August 20, 2008
Let me begin by saying that YES, I am aware that what I’m about to say sounds crazy. And not just any kind of crazy. We’re talking Stephen King nuthouse crazy—a room with padded walls and a warden named Large Marge who goes about 6’6” and 250 and hasn’t smiled since the Reagan administration, partly because her moustache gets in the way and partly because that tick of hers prevents any form of facial expression. Nevertheless, here goes: I am being attacked by the Pillow People.
Let me explain. About two years ago, my wife and I took a trip to Kenya (motto: “Angelina Jolie slept here!”). We prepared for the trip in the standard way one prepares for a trip to a country where the insects are the size of racehorses and outnumber people 200:1.
1. Getting several dozen immunizations, all of which, despite the doctor’s promise of “this won’t hurt a bit,” hurt like hell.
2. Buying various industrial-strength bug sprays (the kinds that have skulls on the labels and names like “Zap It!” and “Kill ‘Em Suckers!”).
3. Familiarizing ourselves with African culture through intense cultural research (read: we drank Kenyan coffee and watched “Out of Africa,” which incidentally is the LONGEST movie of all time).
Also, because the flight to Kenya takes about two days—or three viewings of “Out of Africa”—the doctor thought it’d be a good idea to prescribe the sleeping pill Ambien. I’m sure you’ve seen the commercials. A peaceful, soothing piano melody plays as we see a woman enjoying the most peaceful, soothing sleep of her life. We know this to be the case because an announcer, in his most peaceful, soothing voice, tells us that Ambien will give you the best darn night’s sleep you’ve ever had—granted you don’t experience any of the common side effects such as grogginess, allergic reactions, and the sudden desire to operate heavy machinery. Oh, and let’s not forget hallucinations.
Knowing this, I had second thoughts when the doctor pulled out his prescription pad. Personally, I thought it’d be easier to sleep by packing a portable DVD player and watching “Out of Africa.” But once I weighed those side effects (nausea, abdominal cramping, dizziness caused by slow-moving plot), I knew I’d be better off with the pill. And just like that, I invited the Pillow People into my world.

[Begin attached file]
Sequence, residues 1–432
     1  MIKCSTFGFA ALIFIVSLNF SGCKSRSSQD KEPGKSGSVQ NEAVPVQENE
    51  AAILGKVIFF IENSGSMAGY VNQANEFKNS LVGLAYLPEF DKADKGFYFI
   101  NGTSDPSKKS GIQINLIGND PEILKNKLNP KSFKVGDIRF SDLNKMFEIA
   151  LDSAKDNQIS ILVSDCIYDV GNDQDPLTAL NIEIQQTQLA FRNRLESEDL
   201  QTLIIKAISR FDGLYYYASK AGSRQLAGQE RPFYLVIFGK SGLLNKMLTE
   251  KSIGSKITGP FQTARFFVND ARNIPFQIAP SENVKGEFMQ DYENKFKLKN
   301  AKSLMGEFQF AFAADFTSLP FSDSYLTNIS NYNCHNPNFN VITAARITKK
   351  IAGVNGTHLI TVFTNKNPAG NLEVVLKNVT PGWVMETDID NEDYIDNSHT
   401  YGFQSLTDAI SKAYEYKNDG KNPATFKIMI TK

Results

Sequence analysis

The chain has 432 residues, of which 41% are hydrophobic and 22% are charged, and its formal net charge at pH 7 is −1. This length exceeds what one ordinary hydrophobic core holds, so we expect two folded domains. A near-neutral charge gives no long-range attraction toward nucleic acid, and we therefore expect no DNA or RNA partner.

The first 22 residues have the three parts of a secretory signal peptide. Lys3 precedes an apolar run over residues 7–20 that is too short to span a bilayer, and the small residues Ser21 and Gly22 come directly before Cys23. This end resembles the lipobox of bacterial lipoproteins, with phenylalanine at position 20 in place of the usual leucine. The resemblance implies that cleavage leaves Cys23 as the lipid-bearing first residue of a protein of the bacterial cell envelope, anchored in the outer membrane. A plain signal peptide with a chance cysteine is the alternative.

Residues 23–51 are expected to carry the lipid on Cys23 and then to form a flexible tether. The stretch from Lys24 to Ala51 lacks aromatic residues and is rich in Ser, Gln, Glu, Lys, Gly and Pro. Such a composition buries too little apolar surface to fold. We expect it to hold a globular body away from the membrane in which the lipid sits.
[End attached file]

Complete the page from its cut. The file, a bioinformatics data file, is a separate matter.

We’re sitting on the plane, en route to Kenya. With a stomach full of undercooked turkey strips, I pop my first Ambien. I konked out thirty minutes later (I know this because that’s how long it took the flight attendant to clean up the mess in the aisle, courtesy of the infant in 12E whose parents, no doubt, will have second thoughts the next time someone suggests they bring their baby on a transcontinental flight). So I slept. And then suddenly, according to my wife, I screamed and threw my pillow on the ground.
HER: “What’s wrong?”
Scared out of my mind, I couldn’t respond. She tried again.
HER: “What is it?”
ME: “THE PILLOWWWWW!”
HER: “What are you talking about?”
ME: “IT’S TRYING TO EAT ME!”
My wife laughed, said I was having a bad dream, and told me to go back to sleep. Terrified of the man-eating pillow, I stayed awake the rest of the flight.
INCIDENT TWO: A YEAR LATER
After working non-stop for months, I was putting the finishing touches on a screenplay. When I finally finished around one in the morning, I was too revved up to sleep. Enter Ambien. I was just about to drift off when I heard something: whispering. My eyes popped open and scanned the room. There they were, on top of the dresser: two throw pillows…TALKING TO ONE ANOTHER. I couldn’t make out the whispers but it was clear they were plotting something. I don’t know, maybe they were angry at me for ripping the tag off the mattress a few months back. Whatever the case, they were pissed. And out to get me.
INCIDENT THREE: LAST WEEK
You’d think I would’ve learned my lesson by now. But it was late, I was overtired, and with a big presentation the next day, I really needed a good night’s sleep. So I took an Ambien and experienced the most dramatic hallucination yet. First, the shoes on the floor turned into alligators. Then, the air conditioning vent morphed into a giant mouth and tried to eat me. And, of course, the pillows.
* The whispering was louder.
* The sounds more menacing.
* And the pillows were growing at an alarming rate, like Popeye’s biceps after a can of spinach or the construction of a new Starbucks franchise.
My wife stopped me just as I was jumping out of bed to grab the nearest scissors. So, long story short, I’m finished with Ambien. And the next time I’m tossing and turning and in dire need of something powerful to send me into a deep sleep, I know what I’ll do. Screw the side effects, I’m watching “Out of Africa.”